The number of community associations in the United States grew from 10,000 in 1970 and 222,500 in 2000 to 333,600 in 2014, according to a new report published by Community Association Institute (CAI). While final 2015 data is not yet available, CAI estimates the year will end with between 336,000 and 338,000 associations.
An estimated 66.7 million Americans—20.7 percent of the U.S. population in 2014—lived in common-interest communities, including homeowners associations, condominium communities and cooperatives, according to CAI’s National and State Statistical Review for 2014. Homeowners associations account for 51 to 55 percent of the 333,600 associations, with condominiums representing 42 to 45 percent and cooperatives 3 to 4 percent.
States with the most associations are Florida (47,100), California (43,300), Texas (19,400) and Illinois (18,150).
"Community associations are an increasingly vital segment of the U.S. housing market—and are increasingly desired by smart homebuyers," says CAI Chief Executive Officer Thomas M. Skiba, CAE. "Not only do they provide options, alternatives, facilities and amenities that most Americans could not otherwise enjoy, they protect property values by preserving the nature and character of the communities."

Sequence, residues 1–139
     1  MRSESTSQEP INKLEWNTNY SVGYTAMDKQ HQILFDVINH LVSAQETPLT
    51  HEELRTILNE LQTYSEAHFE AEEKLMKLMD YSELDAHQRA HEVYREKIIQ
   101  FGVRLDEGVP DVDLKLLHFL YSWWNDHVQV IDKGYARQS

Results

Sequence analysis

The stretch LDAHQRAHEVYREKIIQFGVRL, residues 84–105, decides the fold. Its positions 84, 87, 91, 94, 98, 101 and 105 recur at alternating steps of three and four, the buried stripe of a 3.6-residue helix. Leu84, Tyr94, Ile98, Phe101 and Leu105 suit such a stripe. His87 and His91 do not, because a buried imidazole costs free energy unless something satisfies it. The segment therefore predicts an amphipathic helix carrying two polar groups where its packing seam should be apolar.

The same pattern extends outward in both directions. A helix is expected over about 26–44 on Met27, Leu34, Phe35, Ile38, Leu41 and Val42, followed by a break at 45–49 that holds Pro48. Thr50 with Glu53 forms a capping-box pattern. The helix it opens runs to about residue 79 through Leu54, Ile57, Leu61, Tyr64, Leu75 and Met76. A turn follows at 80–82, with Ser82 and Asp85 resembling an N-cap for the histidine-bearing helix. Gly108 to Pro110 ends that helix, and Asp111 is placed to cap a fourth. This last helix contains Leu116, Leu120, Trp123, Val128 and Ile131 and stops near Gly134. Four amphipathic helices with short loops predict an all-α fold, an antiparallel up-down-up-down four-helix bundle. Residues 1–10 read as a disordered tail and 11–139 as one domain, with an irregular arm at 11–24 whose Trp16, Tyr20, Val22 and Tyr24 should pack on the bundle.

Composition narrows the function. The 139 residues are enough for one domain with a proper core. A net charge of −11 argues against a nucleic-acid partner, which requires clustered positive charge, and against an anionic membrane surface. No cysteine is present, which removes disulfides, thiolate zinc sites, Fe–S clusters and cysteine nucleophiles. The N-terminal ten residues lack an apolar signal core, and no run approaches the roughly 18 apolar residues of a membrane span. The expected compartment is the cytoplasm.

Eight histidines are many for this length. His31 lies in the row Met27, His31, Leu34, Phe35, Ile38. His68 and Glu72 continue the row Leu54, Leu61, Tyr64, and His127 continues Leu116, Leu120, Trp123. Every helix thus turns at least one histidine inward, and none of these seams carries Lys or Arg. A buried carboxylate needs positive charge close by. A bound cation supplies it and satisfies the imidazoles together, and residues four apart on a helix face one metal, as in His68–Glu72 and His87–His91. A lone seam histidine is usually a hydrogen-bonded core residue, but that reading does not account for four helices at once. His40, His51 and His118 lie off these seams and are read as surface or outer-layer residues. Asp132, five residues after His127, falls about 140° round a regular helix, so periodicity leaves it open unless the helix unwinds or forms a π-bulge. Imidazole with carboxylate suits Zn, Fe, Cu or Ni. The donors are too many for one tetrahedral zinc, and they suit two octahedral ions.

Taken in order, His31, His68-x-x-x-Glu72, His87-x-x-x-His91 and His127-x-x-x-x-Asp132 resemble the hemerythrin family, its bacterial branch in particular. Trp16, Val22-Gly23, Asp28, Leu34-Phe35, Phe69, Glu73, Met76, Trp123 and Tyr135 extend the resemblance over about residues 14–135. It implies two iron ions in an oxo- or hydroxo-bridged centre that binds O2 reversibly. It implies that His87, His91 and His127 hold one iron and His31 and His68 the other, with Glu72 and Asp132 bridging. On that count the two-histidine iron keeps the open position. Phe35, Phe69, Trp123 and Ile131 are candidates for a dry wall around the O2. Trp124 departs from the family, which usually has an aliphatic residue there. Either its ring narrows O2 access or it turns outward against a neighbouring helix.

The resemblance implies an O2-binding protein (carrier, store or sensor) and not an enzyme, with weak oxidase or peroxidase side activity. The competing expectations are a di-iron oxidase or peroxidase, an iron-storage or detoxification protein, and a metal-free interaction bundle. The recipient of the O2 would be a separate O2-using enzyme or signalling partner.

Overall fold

National surveys have repeatedly shown that overwhelming majorities of residents in associations are satisfied in their communities.
Other 2014 national data:
Download the statistical review for additional national data, state statistics and a summary of how and why community associations work.
The information in the review was developed by Clifford J. Treese, CIRMS, president of Association Data, Inc., in Mountain House, Calif., and a past president of both CAI and the Foundation for Community Association Research.
With more than 33,000 members dedicated to building better communities, CAI works in partnership with 60 chapters to provide information, education and resources to community associations and the professionals who support them. CAI’s mission is to inspire professionalism, effective leadership and responsible citizenship—ideals reflected in communities that are preferred places to call home. Visit www.caionline.org or call (888) 224-4321.
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